The Firefox team is the latest to take the fight to the National Security Agency (NSA) and said it would not wilt to any pressure.
Brendan Eich, chief technology officer at the Mozilla Corporation, who is also in charge of running Firefox security team, stated last week that he wasn’t going to let the feds force his organization into handing over user data.
In order to ensure that no one injects undetected surveillance code into Firefox, the tech guru called on security researchers worldwide to establish a strong verification system at a global scale.
Referring to the gag order issued to pro-privacy e-mail service provider ‘Lavabit’ by The Federal Bureau of Investigation (FBI) to turn over Secure Sockets Layer (SSL) keys that protect all private user information, Eich said he wasn’t going to let that happen to Mozilla.
“It is becoming increasingly difficult to trust the privacy properties of software and services we rely on to use the Internet,” he wrote in a blog post on his official website.
“The government can legally access user data in ways that might violate the privacy expectations of law-abiding users. Worse, the government may force service operators to enable surveillance (something that seems to have happened in the Lavabit case).
Worst of all, the government can do all of this without users ever finding out about it, due to gag orders,” Eich explained.
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In October last year, Lavabit –the email service used by NSA leaker Edward Snowden – disclosed how the company was pressurized by the FBI to hand over their root SSL certificate – something that provides communication security and prevents hackers from breaking into users accounts.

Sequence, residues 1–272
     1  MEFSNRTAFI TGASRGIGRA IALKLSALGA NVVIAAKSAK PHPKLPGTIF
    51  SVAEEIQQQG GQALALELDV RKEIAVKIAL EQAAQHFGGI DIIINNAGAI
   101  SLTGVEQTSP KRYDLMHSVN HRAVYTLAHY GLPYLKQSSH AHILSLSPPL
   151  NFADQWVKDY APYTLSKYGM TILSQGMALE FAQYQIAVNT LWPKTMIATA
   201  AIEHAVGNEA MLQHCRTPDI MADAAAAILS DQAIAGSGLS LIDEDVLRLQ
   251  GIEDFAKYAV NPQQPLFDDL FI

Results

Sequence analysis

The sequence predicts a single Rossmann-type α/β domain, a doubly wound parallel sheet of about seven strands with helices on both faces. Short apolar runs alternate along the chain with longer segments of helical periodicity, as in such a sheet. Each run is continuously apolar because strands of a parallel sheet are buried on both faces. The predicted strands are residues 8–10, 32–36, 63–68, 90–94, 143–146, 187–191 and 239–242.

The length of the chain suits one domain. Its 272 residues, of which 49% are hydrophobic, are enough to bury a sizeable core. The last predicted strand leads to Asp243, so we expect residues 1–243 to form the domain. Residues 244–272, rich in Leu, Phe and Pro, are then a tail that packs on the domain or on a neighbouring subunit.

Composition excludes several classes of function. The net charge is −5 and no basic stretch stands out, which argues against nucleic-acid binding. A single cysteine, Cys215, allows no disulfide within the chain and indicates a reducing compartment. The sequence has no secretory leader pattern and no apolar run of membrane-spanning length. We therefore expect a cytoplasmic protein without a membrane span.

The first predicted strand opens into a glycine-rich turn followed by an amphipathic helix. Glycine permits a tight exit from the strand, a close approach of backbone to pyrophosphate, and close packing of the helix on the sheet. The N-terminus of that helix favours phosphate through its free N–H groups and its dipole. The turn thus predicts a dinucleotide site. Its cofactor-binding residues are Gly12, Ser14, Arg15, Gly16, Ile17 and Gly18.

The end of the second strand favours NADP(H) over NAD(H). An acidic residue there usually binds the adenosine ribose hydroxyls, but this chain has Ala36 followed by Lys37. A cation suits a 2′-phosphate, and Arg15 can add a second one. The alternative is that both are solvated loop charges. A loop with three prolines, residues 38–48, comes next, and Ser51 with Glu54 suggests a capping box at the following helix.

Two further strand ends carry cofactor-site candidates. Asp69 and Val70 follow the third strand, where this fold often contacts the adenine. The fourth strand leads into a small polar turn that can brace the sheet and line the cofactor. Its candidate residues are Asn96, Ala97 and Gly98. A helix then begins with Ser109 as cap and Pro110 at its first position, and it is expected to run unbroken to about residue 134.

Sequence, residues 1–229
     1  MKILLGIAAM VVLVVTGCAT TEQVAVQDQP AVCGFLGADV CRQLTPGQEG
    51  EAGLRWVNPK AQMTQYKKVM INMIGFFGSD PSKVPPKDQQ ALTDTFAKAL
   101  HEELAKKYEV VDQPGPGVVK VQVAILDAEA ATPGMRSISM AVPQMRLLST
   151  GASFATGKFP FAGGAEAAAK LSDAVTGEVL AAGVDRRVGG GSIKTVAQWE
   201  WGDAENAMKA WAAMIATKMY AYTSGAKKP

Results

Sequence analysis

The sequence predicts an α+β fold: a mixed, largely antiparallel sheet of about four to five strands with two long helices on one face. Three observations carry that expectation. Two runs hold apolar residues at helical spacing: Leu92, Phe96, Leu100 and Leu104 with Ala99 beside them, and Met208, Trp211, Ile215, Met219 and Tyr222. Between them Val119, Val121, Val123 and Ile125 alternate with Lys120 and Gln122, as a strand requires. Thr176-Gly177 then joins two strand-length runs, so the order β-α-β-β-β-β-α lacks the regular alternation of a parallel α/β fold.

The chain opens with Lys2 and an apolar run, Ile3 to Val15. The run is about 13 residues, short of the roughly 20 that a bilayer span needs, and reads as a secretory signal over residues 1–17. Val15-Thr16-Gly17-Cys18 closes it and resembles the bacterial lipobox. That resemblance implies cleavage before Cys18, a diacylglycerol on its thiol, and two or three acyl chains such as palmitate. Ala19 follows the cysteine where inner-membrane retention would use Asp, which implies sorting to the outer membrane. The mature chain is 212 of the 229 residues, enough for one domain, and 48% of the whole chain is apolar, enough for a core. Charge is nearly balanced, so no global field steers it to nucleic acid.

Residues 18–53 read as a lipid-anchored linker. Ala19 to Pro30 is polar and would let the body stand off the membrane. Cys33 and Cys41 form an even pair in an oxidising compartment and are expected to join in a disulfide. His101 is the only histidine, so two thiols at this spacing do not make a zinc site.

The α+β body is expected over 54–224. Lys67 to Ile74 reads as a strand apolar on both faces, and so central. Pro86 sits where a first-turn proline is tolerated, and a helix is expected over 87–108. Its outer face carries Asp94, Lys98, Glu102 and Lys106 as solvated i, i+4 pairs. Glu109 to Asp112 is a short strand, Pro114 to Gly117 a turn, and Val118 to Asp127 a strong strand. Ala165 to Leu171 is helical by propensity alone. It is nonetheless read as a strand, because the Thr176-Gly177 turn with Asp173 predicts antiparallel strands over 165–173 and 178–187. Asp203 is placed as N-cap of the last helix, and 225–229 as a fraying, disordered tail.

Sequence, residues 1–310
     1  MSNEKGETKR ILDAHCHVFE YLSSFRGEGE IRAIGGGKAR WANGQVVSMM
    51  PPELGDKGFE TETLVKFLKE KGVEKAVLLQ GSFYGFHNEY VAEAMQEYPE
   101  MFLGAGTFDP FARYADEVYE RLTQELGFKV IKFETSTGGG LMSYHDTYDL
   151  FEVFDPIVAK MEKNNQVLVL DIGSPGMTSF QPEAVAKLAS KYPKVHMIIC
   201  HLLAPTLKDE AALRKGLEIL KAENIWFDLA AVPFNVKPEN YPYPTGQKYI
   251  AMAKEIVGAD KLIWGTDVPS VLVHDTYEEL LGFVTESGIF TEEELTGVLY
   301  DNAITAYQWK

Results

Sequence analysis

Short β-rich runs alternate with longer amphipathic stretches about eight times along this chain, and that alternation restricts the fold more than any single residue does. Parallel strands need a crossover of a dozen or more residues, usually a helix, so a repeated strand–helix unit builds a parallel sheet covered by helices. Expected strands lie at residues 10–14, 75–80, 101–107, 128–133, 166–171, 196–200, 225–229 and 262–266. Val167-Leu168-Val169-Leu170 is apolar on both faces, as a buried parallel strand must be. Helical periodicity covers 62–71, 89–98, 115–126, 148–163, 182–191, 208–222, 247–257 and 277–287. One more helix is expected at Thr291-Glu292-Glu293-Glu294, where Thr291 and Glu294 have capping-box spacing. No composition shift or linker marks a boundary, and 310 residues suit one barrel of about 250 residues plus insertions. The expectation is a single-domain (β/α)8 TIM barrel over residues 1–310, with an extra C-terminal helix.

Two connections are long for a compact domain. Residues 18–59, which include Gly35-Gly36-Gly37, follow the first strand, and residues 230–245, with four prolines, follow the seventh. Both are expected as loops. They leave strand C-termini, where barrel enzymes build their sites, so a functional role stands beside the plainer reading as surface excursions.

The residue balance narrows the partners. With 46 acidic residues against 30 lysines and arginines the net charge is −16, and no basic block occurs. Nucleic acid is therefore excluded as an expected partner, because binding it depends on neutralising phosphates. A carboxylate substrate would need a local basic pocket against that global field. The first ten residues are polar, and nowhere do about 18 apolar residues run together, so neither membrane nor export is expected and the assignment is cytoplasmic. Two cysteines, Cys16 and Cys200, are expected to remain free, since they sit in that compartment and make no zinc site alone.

Lavabit founder Ladar Levison also revealed that he faced jail if he refused to provide the FBI with the encryption keys.
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Eich stated the following recommendations to ensure snooping-free browsing on the internet.
· Regularly audit Mozilla source and verified builds by all effective means;
· Establish automated systems to verify official Mozilla builds from source; and
· Raise an alert if the verified bits differ from official bits.
“Through international collaboration of independent entities we can give users the confidence that Firefox cannot be subverted without the world noticing, and offer a browser that verifiably meets users’ privacy expectations,” Eich concluded.
Also, on February 11, a collection of popular sites and activist groups including popular tech companies such as Mozilla and Reddit will stage a mass protest against NSA’s warrantless spying.
Do you think these efforts to challenge the NSA will prove to be fruitful? You can share your thoughts in the comments section below.